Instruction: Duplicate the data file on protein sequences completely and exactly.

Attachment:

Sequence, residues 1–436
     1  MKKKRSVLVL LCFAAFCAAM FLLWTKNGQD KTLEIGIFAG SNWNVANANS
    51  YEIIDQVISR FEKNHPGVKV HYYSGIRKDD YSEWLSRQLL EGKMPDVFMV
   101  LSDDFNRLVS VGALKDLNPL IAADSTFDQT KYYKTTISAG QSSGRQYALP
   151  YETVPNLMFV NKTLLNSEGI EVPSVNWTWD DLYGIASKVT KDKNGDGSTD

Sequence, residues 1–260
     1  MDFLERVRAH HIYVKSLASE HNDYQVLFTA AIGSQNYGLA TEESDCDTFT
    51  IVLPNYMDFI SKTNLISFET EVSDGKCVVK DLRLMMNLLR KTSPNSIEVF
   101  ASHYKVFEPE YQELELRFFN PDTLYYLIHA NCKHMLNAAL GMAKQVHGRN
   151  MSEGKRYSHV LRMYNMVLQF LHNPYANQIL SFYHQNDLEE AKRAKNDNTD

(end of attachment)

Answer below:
Sequence, residues 1–436
     1  MKKKRSVLVL LCFAAFCAAM FLLWTKNGQD KTLEIGIFAG SNWNVANANS
    51  YEIIDQVISR FEKNHPGVKV HYYSGIRKDD YSEWLSRQLL EGKMPDVFMV
   101  LSDDFNRLVS VGALKDLNPL IAADSTFDQT KYYKTTISAG QSSGRQYALP
   151  YETVPNLMFV NKTLLNSEGI EVPSVNWTWD DLYGIASKVT KDKNGDGSTD

Sequence, residues 1–260
     1  MDFLERVRAH HIYVKSLASE HNDYQVLFTA AIGSQNYGLA TEESDCDTFT
    51  IVLPNYMDFI SKTNLISFET EVSDGKCVVK DLRLMMNLLR KTSPNSIEVF
   101  ASHYKVFEPE YQELELRFFN PDTLYYLIHA NCKHMLNAAL GMAKQVHGRN
   151  MSEGKRYSHV LRMYNMVLQF LHNPYANQIL SFYHQNDLEE AKRAKNDNTD